Volume 638, June 2020
|Number of page(s)||11|
|Published online||29 June 2020|
Recurrent low-level luminosity behaviour after a giant outburst in the Be/X-ray transient 4U 0115+63
Anton Pannekoek Institute for Astronomy, University of Amsterdam, Science Park 904, 1098 XH Amsterdam, The Netherlands
2 Center for Interdisciplinary Exploration and Research in Astrophysics (CIERA) and Department of Physics and Astronomy, Northwestern University, Evanston, IL 60208, USA
3 Institute of Space Sciences (IEEC-CSIC) Campus UAB, Carrer de Can Magrans, s/n, 08193 Barcelona, Spain
4 ASTRON, The Netherlands Institute for Radio Astronomy, Postbus 2, 7900 AA Dwingeloo, The Netherlands
Accepted: 29 April 2020
In 2017, the Be/X-ray transient 4U 0115+63 exhibited a new type II outburst that was two times fainter than its 2015 giant outburst (in the Swift/BAT count rates). Despite this difference between the two bright events, the source displayed similar X-ray behaviour after these periods. Once the outbursts ceased, the source did not transit towards quiescence directly, but was detected about a factor of 10 above its known quiescent level. It eventually decayed back to quiescence over timescales of months. In this paper, we present the results of our Swift monitoring campaign, and an XMM-Newton observation of 4U 0115+63 during the decay of the 2017 type II outburst and its subsequent low-luminosity behaviour. We discuss the possible origin of the decaying source emission at this low-level luminosity, which has now been shown as a recurrent phenomenon, in the framework of the two proposed scenarios to explain this faint state: cooling from an accretion-heated neutron star crust or continuous low-level accretion. In addition, we compare the outcome of our study with the results we obtained from the 2015/2016 monitoring campaign on this source.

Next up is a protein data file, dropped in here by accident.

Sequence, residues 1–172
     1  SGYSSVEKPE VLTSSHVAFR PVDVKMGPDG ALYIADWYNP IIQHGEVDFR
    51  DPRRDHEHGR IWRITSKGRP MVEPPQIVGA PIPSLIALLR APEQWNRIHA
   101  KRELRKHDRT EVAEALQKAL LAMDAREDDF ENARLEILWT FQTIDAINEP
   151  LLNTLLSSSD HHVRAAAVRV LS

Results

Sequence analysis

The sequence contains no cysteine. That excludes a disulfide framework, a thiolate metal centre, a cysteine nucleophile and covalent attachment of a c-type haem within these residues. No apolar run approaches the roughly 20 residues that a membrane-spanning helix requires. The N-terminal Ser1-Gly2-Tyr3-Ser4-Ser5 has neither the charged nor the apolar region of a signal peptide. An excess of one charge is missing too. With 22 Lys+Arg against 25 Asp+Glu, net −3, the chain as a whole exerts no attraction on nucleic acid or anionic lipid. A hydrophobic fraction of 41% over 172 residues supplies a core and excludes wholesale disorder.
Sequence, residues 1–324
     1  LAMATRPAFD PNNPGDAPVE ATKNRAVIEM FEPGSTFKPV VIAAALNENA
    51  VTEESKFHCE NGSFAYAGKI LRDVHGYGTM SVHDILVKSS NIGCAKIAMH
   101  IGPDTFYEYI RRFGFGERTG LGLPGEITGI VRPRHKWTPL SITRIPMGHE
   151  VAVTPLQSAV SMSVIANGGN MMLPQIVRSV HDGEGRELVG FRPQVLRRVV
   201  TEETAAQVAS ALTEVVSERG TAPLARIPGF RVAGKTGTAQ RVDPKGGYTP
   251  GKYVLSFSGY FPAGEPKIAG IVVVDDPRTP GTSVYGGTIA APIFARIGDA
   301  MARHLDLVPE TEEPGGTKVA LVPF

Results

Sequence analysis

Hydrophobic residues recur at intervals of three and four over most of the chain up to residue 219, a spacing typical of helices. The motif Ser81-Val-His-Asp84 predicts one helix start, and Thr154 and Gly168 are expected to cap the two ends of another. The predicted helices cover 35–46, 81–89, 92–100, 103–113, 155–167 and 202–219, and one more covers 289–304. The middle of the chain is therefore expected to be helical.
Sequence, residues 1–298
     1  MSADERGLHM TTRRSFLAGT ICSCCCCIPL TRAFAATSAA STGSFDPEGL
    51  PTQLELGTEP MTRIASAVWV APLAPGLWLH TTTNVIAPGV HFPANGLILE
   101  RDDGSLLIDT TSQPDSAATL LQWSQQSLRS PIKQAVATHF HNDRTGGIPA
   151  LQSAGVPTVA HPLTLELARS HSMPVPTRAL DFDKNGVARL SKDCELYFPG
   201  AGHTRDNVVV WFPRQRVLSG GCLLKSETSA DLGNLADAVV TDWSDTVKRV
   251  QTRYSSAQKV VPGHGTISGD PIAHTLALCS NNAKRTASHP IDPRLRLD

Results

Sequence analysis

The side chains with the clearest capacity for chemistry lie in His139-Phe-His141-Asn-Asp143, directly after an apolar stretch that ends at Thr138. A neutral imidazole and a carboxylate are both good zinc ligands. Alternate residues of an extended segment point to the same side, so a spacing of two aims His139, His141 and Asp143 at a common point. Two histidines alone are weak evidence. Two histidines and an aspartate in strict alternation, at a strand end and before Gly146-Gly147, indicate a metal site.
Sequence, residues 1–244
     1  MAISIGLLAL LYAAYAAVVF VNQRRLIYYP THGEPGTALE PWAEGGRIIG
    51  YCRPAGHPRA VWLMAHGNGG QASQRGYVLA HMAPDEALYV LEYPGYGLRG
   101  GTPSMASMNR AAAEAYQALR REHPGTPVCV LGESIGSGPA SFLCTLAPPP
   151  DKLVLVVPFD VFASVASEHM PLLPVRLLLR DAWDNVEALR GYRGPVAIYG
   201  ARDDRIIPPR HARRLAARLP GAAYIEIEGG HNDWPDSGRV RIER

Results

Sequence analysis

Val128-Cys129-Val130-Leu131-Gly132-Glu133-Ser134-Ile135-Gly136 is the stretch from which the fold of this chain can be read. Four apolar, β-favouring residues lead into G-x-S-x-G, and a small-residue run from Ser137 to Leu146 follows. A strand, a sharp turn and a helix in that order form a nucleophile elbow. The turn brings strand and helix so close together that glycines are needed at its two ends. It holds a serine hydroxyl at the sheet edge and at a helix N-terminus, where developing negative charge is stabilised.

Key words: X-rays: binaries / accretion, accretion disks / stars: neutron / pulsars: individual: 4U 0115+63
© ESO 2020
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